Thursday, October 13, 2011

Storyteller’s Rulebook #100: Theme = Good Vs. Good

As I was writing next week’s pieces on how to structure a movie, something finally clicked for me. I’ve said before that the theme of a movie shouldn’t be a clear moral statement, but rather it should be phrased in the form of a question. And as I said here, sometimes this question is actually asked out loud (but not answered) near the beginning of a story, so that it comes to hang over all the actions that follow.

But only recently has it become clear to me how important this really is, and how important it is that the two ideas being pitted against each other are both morally good ideas. As McKee says, a story cannot be about good vs. evil or it will be a no-brainer. Every story must have at its heart a question of good vs. good: two equally appealing but irreconcilable ideas, such as…

  • Solidarity vs. individualism
  • Compromise vs. sticking to principles
  • Personal achievement vs. the greater good

These dilemmas need not dominate the story immediately. Slowly, over the course of the emerging conflict, it should become become clear that there is a fundamental human dilemma underlying the interpersonal conflict.

This should be an irresolvable dilemma, and so you should give both sides equal weight for as long as possible… until the climax. The trick is to come up a finale that addresses this conflict, and says something concrete about it, without definitively declaring one side to be right and the other side to be wrong.

The first three seasons of “Lost” each had a powerful overarching theme:

  1. First Season: Our future is dictated by our past vs. Our future is a blank slate
  2. Second Season: Faith vs. Skepticism
  3. Third Season: Strict, Safe Order (the Others) vs. Chaotic, Unsafe Freedom (the Losties)

At the end of each season, the characters advocating one side in this debate were proven “right”. The characters each find ways to move on from their pasts at the end of season one, and even sing “Redemption Song” together on a boat; at the end of season two, we find out that Locke was right to have faith in the button; and at the end of season three, the Losties finally defeat the Others, but in each case this “victory” is ironic and ambiguous. A statement is made about this dilemma, but it’s not settled once and for all.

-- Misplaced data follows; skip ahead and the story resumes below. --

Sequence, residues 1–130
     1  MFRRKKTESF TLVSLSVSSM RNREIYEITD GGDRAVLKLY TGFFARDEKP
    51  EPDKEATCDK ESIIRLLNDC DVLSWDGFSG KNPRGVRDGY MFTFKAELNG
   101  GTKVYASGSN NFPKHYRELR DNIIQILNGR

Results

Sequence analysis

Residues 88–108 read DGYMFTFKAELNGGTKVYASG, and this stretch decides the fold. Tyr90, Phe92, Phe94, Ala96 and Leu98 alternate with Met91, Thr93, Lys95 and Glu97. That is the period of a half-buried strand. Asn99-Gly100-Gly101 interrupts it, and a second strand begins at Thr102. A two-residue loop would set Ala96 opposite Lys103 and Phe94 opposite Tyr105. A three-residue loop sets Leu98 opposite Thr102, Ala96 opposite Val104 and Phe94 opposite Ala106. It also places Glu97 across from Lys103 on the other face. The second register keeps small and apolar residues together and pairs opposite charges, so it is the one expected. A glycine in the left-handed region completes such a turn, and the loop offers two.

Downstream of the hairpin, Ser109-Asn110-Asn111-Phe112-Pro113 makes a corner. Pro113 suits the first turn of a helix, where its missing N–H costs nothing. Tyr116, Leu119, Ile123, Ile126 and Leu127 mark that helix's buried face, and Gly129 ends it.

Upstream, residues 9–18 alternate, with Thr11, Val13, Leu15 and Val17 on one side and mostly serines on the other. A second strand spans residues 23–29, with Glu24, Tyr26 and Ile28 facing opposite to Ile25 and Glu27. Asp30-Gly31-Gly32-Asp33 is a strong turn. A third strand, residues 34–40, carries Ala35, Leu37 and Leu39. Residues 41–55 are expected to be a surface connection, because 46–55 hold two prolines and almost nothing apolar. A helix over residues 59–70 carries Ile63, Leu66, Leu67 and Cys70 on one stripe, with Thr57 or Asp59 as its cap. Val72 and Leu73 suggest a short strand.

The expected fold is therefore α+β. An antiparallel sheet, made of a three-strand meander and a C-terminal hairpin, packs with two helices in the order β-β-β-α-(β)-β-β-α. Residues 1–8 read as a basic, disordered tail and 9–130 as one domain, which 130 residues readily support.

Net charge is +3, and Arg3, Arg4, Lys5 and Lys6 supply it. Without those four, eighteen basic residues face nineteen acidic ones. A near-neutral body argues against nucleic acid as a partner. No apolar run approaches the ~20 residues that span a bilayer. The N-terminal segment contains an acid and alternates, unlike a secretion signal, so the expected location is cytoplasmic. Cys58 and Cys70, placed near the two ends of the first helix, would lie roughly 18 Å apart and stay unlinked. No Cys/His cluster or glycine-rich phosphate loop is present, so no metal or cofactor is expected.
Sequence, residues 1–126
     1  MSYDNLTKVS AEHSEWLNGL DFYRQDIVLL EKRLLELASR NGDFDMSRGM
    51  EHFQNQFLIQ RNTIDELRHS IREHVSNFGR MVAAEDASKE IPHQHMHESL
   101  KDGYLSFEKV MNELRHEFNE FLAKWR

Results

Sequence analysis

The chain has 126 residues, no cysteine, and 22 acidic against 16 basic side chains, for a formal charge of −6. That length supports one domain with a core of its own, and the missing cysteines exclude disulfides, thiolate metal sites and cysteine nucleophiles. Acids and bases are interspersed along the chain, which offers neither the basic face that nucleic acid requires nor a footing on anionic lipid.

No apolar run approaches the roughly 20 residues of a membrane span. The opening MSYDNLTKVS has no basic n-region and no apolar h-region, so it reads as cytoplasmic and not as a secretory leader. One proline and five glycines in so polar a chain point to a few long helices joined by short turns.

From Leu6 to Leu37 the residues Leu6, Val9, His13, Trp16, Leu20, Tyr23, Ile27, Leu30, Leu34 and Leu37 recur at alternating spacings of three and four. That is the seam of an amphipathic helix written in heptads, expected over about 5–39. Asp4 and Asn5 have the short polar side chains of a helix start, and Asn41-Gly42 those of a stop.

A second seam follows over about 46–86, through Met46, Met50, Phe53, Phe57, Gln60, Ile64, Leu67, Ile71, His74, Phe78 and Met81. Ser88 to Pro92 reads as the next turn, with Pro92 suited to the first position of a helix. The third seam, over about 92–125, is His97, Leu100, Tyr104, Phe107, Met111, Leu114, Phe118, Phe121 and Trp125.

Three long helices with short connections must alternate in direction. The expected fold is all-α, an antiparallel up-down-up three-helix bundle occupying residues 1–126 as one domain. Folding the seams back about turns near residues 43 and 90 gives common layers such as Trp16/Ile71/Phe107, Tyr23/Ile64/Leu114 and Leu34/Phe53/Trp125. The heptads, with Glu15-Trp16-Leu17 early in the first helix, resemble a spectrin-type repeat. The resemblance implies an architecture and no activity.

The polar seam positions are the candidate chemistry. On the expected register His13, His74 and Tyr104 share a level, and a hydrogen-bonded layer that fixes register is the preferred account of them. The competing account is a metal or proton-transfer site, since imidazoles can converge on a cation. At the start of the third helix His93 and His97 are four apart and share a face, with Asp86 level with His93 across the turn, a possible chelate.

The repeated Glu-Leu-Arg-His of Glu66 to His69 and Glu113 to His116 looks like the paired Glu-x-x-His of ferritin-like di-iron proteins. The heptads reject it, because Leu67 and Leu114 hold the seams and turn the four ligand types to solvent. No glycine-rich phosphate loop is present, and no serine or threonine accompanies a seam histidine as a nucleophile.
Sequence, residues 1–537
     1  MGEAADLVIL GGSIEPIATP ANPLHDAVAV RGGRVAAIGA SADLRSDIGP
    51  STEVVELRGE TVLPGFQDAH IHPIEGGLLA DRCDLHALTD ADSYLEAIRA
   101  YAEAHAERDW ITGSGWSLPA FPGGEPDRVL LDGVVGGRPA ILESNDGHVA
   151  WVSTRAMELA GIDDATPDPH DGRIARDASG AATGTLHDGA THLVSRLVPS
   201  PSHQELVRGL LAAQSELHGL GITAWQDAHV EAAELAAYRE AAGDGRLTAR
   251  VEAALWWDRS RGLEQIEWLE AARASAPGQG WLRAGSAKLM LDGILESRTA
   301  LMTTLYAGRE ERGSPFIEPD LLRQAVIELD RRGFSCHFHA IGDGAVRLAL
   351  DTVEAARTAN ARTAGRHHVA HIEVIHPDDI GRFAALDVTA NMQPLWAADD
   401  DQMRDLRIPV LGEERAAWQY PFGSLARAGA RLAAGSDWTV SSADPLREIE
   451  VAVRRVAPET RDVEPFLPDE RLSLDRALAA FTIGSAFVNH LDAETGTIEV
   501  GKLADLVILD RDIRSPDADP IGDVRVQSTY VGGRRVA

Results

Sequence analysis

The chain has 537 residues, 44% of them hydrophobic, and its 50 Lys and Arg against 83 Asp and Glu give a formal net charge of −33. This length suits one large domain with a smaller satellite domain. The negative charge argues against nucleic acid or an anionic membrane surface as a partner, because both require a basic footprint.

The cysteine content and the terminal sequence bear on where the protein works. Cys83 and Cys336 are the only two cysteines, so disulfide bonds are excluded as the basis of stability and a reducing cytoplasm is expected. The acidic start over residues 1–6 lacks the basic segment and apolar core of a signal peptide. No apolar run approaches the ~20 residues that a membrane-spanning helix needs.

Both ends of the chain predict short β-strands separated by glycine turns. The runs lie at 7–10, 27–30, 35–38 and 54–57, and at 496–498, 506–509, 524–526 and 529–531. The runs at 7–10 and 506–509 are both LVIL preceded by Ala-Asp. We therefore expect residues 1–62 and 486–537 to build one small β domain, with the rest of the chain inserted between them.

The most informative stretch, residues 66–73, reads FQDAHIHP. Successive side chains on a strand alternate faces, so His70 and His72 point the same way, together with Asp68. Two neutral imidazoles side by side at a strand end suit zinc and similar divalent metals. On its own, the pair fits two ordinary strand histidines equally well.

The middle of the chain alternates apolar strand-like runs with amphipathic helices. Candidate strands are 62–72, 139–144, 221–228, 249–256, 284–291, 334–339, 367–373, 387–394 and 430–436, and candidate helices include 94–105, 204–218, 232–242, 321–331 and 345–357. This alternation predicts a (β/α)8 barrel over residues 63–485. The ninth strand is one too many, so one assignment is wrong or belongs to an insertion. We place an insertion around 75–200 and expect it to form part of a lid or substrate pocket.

Okay, I got that out of the way, now let’s move on to How to Structure a Movie...


j.s. said...

Your post is about a clash between two "goods," but can a film or TV story ever sustain itself through a conflict between two competing and equally unpleasant "evils"?

Matt Bird said...

Yes, that can work too, but it's more rare, and inevitably more depressing. The first two seasons of Breaking Bad are basically a dilemma of evil vs. evil: for-profit health care vs. drug dealing. Donnie Brasco is lies and betrayal vs. loyalty to the mob.

Jeff Moskowitz said...

This is an excellent point that doesn't get made enough. It is so often the difference between a bad popcorn flick (nazis are bad, americans are good) and a truly great movie (does it make sense to risk the lives of several men to save one private ryan under special circumstances?.) Million Dollar Baby comes to mind too -- is it more humane to kill her or to keep her alive? You should have to struggle with the answer to that all-important central question in thematic movies.

j.s. said...

Thanks, Matt. That's an illuminating way of putting it with respect to BREAKING BAD, a show which was very much on my mind when I wrote the question.

I'd say that crime stories, horror stories and serious literature and theatre can utilize the bad vs. bad conflict more easily than most film and TV.

David Mamet has some very similar ideas about the nature of dramatic conflict in his writings. And for thinking of the theme as a kind of central argument of the story, Brian McDonald's INVISIBLE INK is also quite useful.